Wednesday, December 17, 2008

The Numbers

Here are my results for the VO2Max/Metabolic test from Tuesday:

VO2Max: 36.4 (Fair, Male 30-39 age range)
Aerobic threshold limit: 138 bpm
Anaerobic threshold limit: 161 bpm
Max HR measured: 183 bpm (I think it could have been higher, but I was seriously tired and hungry due to fasting for 12+ hours and no breakfast).

Workout Zones calculated from the test:

Low Zone: 79-138 bpm
Moderate Zone: 138-161 bpm
High Zone: 161-178 bpm
Peak Zone: 178-183 bpm

Here's the interesting thing that I found when calculating my zones based on the Maffetone calculations and Stu Mittleman's MAP (Most Aerobic Pace), MEP (Most Efficient Pace), SAP (Speedy Anaerobic Pace):

MAP Zone: 120-140 bpm
MEP Zone: 140-150 bpm
SAP Zone: 150-170 bpm

The low zone and MAP zone are pretty close to each other. The SAP zone is alot smaller than the high zone, but I think it's simply due to the test being able to lock on at where my body gets into an anaerobic state. The moderate zone and high zone however seem to overlap with the MEP and SAP zones. I'm thinking that the moderate zone could be broken up as "moderate 1" (ranging from 138-150 bpm) and "moderate 2" (ranging from 150-161 bpm). I remember when I heart rate trained before and there was a point where there was a point called the "steady-state pace". The steady-state pace feels like you're not going too slow or too fast and you could hold your pace for a considerable distance. The steady-state pace is where most long distance races are done at when you get past the first 5-10 miles. My guess is that I'll be in the steady-state in moderate 1 and if I have to gently pour on the juice without totally ditching the fat-burning, I can shift to moderate 2 before having to go more balls-out in an event.

The 42 day schedule is something that is less than desired for running junkies. Here's the first week alone:

Day 1: Run 8 minutes in low zone, 3 minutes below low zone (which means I might have to just stand still), run 8 minutes in low zone. That's it.
Day 2: Run 15 minutes in low zone, 3 minutes below low zone (more standing still), run 15 minutes in low zone.
Day 3: Rest (yeah, rest after doing that itty-bitty work from day 1 and day 2)
Day 4: Repeat Day 2.
Day 5: Repeat Day 3. (Yep, another rest day!)
Day 6 & 7: Repeat Day 2.

But the following weeks do start to look a bit better. More mixing of zones, meaning moving a bit faster for some of the time. 10 minutes low, 5 minutes moderate, repeat. This is where everything looks more promising.

I'm so glad that I've already semi-started with the low-HR training and have gotten alot of the frustrations out of the way. Added bonus is that I can add more duration of the workouts provided I maintain the pattern of the workout. And my research does show that the more time you put in, the faster the adaption will occur.

I'm looking forward to the next 42 days after the Pigtails Flat Ass. Bring it!


King Arthur said...

That 42 day plan looks like it was made for someone just getting off the couch for the first time.

I'd say multiply each day by 3 or 4. Also I'm a big fan to 2-a-days.

Reduced to its simplest form, training is all about stress and recovery. ... Where's the stress?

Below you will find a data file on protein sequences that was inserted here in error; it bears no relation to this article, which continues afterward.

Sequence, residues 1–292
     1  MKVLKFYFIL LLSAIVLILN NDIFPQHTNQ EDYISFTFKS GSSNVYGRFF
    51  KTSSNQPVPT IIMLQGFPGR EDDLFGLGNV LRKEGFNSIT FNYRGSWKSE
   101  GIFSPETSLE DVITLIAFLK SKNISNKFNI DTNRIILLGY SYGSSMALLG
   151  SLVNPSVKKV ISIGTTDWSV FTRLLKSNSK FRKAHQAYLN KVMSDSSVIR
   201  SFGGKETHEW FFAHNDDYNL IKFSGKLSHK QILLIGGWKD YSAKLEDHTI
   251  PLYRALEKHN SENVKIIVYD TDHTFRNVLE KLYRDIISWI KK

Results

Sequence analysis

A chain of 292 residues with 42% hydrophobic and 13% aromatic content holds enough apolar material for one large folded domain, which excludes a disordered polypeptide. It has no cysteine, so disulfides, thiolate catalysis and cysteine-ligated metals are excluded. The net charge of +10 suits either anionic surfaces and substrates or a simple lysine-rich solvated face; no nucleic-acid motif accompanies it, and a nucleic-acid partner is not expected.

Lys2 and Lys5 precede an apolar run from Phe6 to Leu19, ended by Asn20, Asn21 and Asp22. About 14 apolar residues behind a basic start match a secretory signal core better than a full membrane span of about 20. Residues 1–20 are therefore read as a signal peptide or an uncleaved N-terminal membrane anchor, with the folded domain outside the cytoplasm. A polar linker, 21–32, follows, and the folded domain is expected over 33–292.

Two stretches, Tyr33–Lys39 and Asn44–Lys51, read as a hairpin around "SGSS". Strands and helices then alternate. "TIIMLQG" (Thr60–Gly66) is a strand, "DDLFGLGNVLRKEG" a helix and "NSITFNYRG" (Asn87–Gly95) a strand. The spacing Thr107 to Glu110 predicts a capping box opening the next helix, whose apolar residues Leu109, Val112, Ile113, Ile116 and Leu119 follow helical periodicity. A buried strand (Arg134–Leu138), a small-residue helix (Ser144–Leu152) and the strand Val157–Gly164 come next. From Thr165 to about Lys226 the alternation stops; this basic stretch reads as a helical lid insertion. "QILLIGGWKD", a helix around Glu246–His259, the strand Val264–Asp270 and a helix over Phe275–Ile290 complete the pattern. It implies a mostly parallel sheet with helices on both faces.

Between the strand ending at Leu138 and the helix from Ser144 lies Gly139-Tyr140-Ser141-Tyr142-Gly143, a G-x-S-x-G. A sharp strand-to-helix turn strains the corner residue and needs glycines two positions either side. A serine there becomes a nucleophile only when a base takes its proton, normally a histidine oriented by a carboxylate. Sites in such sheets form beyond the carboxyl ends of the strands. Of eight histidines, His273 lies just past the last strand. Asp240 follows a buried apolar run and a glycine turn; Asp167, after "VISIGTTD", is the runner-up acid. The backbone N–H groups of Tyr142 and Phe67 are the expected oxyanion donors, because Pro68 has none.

INCREASE the stress by 10% per week and you'll get to the base you need.

Just my $.02

Jon said...

Did you get the VO2Max testing too? The test seems to shake-up what everyone is used to, so I guess it makes EVERYONE turn into a first-time couch potato that has no clue on how to burn fat as their primary fuel source.

Yeah, Eric did say that I can add more time as long as I maintain the pattern. So I can go for 4-6 hours if I want as long as I repeat the pattern that the plan for that day. The stress increases do go up weekly and the long run that is scheduled after the 3rd week looks pretty normal (close to 2 hours and it incorporates some anaerobic threshold moments).

The stress that you're questioning that looks like its missing occurs after the first week where your base builder run consists of you running in your aerobic zone and aerobic threshold, switching back and forth every few minutes.

And I'm definately going to do as many two-a-days as possible, during my work lunchhour to get about 30-40 minutes worth of time and either after work or if I'm more motivated, at 3am before work (but I doubt that 3am thing will ever happen soon).

Istvan said...


I've read a little bit about HR Training, but don't know about this "low HR training" you have chosen.

Why start so LOW, and does it get more intense later?

Maniac Istvan

Jon said...

Hey Istvan! Low HR training is used when you want to condition your body to use fat as its primary fuel source when racing/working out/living day-to-day. There are points when your body chooses whether to tap into fat or sugar for energy. Low intensity taps into fat, high intensity taps into sugar. Low HR training allows you to become more efficient in using fat, which then can make you faster without having to exert as much effort.

The training does get more intense later once you reach a point where your speed doesn't increase in your fat burning zone. But these intense training sessions are done about 10-15% of your overall workouts per week at best.

Personally, I like the idea of being able to run faster than I can now without having to feel like I'm forcing it. It would be awesome to run a ultra and not feel gassed at the end.

Istvan said...

Thanks Jon,

I've ordered Maffetone's book, and will start reading. Hope it can be adapted to a 3-days-a-week training program. My 65 year old body loves the rest days ... and seems to recover better with rest days.